IT TURNS OUT THE OLD building still had a little bit of magic left over from the good old days.
With members of the 76ers' 1966-67 and 1982-83 NBA championship teams in the house last night for the final professional basketball game to be played in the Wachovia Spectrum, the current edition of the team blew a 13-point fourth-quarter lead, but regrouped to pull out a 104-101 victory over the Chicago Bulls. If it didn't exactly kindle memories of the Sixers' powerhouses of Wilt and Doctor J, at least it had the electric feel of a playoff game. A sellout crowd of 17,563, many decked out in vintage jerseys, didn't so much walk down memory lane as loudly parade down it as if it were New Year's Day, not Friday the 13th. All that was missing was a Mummers string band.
"The atmosphere was actually better [than at the Wachovia Center]," said Sixers guard Andre Miller, who had 13 points and a season-high 13 assists. "It was louder. It had that old-school basketball feel."
Maybe Comcast-Spectacor ought to consider putting off demolition of the place so that it can be used as an occasional good-luck charm. Future Sixers teams would play selected home games here and get the sort of boost that the Flyers always got whenever Kate Smith, the human good-luck charm, came out to sing "God Bless America."
Not that that would ever happen, of course, but these Sixers - several of whom had never set foot in the Spectrum until Thursday afternoon's practice - were reminded that buildings are not just made of bricks and steel. They're also the repositories of history, of ghosts good and bad, of that intangible quality we call tradition.
"You didn't feel [the energy] in warmups, but you did as it got closer to tipoff," said forward Andre Iguodala, one of the heretofore Spectrum virgins who had 25 points, six rebounds, five assists and a crucial block of a three-ball launched by Bulls bombardier Ben Gordon with 51 seconds remaining and the Sixers protecting a 101-98 lead.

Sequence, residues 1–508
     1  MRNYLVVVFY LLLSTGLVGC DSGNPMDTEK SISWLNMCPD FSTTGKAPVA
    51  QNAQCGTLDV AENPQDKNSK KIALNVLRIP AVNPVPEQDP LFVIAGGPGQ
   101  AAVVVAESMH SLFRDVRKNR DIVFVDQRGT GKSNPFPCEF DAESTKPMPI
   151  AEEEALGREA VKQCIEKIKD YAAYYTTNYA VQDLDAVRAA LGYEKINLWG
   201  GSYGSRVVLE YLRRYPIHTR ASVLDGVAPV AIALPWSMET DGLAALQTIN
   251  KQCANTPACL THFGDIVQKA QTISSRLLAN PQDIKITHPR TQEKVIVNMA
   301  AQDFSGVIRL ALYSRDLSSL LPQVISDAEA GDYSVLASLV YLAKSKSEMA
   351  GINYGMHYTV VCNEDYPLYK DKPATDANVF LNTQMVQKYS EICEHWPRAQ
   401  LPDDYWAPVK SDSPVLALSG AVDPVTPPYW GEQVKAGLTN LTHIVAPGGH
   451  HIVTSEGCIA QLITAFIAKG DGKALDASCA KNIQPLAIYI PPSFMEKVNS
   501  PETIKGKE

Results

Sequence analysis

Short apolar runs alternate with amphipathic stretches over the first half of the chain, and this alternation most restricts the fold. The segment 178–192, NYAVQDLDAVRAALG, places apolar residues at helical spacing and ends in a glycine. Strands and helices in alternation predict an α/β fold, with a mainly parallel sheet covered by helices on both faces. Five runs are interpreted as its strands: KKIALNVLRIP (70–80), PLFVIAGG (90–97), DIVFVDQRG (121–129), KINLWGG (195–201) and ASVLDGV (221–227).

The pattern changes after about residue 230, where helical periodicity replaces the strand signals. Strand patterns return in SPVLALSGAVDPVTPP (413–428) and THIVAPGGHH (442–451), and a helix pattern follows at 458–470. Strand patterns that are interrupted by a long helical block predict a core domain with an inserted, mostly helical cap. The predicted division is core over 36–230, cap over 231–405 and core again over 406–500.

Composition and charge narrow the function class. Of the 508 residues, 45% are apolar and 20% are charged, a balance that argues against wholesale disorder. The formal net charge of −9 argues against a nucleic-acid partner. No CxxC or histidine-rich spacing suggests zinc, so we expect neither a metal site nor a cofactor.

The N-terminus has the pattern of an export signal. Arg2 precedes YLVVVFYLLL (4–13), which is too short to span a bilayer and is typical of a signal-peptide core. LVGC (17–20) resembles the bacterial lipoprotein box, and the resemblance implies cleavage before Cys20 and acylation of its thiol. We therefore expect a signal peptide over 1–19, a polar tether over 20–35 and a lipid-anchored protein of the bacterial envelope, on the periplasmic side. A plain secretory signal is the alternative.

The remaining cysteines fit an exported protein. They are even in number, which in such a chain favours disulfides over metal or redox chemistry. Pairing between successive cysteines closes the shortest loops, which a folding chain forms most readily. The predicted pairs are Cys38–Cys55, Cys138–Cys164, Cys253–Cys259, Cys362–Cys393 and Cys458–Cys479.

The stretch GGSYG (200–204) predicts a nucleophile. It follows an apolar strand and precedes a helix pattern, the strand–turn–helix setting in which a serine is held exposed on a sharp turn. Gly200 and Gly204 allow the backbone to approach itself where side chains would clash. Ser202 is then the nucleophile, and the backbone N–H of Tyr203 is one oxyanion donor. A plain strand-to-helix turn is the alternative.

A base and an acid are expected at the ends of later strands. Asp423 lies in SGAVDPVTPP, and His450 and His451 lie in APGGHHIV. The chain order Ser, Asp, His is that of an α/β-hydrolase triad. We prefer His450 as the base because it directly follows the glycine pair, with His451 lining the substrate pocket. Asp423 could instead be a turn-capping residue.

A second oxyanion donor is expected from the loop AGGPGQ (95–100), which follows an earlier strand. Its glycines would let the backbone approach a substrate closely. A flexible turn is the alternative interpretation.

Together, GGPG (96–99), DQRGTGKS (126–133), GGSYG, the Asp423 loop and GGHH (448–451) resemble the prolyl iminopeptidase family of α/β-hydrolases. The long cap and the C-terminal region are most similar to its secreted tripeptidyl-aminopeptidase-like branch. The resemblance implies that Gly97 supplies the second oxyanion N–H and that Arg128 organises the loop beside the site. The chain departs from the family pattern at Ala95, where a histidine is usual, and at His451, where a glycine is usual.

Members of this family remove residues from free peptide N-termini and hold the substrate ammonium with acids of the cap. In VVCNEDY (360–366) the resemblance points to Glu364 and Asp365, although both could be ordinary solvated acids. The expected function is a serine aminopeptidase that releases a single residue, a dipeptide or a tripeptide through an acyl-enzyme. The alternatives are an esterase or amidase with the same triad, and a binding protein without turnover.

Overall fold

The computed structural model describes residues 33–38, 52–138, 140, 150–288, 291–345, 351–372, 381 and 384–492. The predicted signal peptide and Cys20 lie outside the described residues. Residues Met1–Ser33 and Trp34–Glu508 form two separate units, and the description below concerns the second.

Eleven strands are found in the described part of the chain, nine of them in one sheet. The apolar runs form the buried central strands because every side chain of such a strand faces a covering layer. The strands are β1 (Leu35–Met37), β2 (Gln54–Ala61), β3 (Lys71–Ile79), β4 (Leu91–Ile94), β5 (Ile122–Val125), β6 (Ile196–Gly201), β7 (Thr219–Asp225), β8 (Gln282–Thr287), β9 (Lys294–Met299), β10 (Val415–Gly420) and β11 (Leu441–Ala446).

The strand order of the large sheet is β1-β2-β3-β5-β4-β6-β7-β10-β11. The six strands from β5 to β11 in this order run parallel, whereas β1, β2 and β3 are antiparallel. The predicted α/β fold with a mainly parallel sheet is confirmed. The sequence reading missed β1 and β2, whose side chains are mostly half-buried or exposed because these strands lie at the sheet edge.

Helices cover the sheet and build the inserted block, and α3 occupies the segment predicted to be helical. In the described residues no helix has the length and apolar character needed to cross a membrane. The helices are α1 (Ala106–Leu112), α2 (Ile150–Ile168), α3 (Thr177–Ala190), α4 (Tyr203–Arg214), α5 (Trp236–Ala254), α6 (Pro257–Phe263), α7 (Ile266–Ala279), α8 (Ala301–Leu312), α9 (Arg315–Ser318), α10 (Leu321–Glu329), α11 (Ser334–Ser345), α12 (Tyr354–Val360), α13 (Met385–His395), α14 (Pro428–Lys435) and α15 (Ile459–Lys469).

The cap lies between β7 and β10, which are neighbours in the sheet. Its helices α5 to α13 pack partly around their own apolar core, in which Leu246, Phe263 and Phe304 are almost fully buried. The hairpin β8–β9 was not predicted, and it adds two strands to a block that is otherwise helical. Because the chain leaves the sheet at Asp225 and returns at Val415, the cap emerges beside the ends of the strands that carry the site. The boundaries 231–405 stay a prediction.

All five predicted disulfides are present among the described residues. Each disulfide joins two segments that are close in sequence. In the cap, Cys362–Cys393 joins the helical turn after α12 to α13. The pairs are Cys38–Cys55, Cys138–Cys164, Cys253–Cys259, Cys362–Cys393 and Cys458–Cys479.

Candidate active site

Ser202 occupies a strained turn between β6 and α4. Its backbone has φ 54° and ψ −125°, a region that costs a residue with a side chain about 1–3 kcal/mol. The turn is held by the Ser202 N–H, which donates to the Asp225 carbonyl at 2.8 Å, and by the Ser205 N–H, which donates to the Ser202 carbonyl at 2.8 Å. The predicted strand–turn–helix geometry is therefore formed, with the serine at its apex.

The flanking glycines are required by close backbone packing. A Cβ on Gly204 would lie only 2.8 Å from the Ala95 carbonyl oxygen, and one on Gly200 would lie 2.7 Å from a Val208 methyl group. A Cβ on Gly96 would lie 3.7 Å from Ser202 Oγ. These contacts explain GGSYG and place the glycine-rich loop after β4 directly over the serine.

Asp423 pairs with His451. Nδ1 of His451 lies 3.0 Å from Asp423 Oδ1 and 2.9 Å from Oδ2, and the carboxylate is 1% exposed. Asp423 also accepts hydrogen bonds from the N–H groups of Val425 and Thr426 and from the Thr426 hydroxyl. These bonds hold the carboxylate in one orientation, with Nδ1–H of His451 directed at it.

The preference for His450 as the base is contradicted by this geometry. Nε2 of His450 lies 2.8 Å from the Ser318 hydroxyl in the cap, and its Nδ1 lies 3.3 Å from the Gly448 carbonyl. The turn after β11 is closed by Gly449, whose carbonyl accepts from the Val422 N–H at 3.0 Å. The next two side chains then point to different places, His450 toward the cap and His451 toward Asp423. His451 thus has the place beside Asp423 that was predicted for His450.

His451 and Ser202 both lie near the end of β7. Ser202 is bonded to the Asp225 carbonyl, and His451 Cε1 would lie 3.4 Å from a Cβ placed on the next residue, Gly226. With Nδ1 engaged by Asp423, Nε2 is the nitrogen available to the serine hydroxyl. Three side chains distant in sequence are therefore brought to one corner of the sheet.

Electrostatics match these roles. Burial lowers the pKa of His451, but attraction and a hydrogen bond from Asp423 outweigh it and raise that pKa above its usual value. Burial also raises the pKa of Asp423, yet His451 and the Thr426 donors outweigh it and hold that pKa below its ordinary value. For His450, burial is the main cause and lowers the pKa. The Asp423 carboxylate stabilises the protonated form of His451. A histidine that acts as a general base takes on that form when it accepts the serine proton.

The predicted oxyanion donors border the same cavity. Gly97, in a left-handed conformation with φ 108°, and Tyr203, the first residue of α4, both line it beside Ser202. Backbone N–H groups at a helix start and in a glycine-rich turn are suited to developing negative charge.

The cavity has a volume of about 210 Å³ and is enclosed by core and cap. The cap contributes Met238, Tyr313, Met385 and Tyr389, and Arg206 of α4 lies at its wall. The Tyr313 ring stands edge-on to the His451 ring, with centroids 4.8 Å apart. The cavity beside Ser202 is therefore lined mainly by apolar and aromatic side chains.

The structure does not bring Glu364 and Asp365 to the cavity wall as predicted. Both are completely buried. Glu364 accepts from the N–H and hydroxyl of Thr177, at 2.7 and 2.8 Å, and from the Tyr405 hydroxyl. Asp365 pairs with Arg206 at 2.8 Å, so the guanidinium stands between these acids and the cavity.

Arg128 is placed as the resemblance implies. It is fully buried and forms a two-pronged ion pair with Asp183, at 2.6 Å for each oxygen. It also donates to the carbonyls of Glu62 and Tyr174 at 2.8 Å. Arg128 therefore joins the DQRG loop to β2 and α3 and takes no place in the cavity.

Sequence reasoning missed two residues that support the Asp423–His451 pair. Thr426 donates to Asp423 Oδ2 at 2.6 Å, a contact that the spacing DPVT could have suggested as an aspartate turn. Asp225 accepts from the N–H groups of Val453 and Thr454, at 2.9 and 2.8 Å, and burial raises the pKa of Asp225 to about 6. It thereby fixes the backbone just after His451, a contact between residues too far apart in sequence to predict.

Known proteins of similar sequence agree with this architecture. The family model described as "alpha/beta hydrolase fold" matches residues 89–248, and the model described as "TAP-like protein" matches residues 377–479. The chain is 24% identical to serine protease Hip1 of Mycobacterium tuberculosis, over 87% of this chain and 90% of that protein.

A half-minute later, Gordon got another good look at the basket and buried a triple to even the count at 101, the 16th tie in a seesaw game that also featured 16 lead changes. But the Bulls (29-37) weren't only jousting with the Sixers; they were challenging destiny. And destiny, in this instance, would not be denied.
After Iguodala sank one of two free throws to put the Sixers up, 102-101, with 22.1 seconds to play, the Bulls' wondrous rookie guard Derrick Rose - who had already wowed the crowd with a couple of driving layups that included one double-clutch number that might even have impressed Julius Erving, who was among the old champs who came back for the last hurrah of their hoops home - went hard to the hole, where 6-11 center Samuel Dalembert awaited.
Dalembert plucked the petals from Rose, triggering a fastbreak that ended with Thaddeus Young throwing down a dunk for his career-high and Sixers' season-high 30th and 31st points with 16.6 seconds to play. All that remained was for Gordon to toss up a 28-foot prayer at the buzzer that went unanswered.
Of course. The basketball gods couldn't possibly have heard the pleas of the visiting team on this charmed night.
"He hit a couple of layups on me," Dalembert, who finished with eight points, 19 rebounds and four blocks, said of Rose. "That got me mad. I knew he was going to try to take it to the rim and challenge me, but I was ready for him."
Coach Tony DiLeo said if it wasn't the Sixers' best performance of the season, it had to be one of the most thrilling.
"Was that exciting enough?" said DiLeo, whose team again crept over .500 at 32-31 with its second victory in a row. "That was an exciting win on a special night. That's the way they write it in the books, I guess."
If not in the books, at least then in a Hollywood script. Think "Hoosiers," with a cheesesteak flavor.
The Sixers won't have much time to enjoy the moment, not with the Miami Heat and their own miracle man, Dwyane Wade, coming to the Wachovia Center for an afternoon game tomorrow. That will precede a 7-night, five-game road trip to the West Coast. But, hey, the Sixers will always be able to say they had their Spectrum moment.
Moses Malone, the star center of the '82-83 championship team, channeled his inner Knute Rockne in delivering a pregame pep talk that might not have been long on eloquence, but got right to the point.
"He said we had the opportunity to be winners," Miller said.
Any other words of wisdom from the man called Moses?
"He said, 'Put on a show for us,' " Iguodala said.
On more than a few plays, the Sixers did just that. Iguodala corkscrewed his body like a junior-grade Doctor J in tossing in a variety of dunks and degree-of-difficulty layups, and Miller, showing no signs of a strained right calf, did a pretty fair imitation of Maurice Cheeks in delivering the ball to his teammates in their favored spots.
Young, meanwhile, channeled . . . well, there isn't really anyone who immediately comes to mind. But the southpaw second-year man out of Georgia Tech, who scored a career-high 29 points in a win over Toronto on Wednesday, eclipsed that against the Bulls with an even more impressive outing. He sank 14 of 21 shots, hit his only three-pointer (the Sixers were just one of three from beyond the arc) and continued to look like a cornerstone for the rebuilding of the franchise.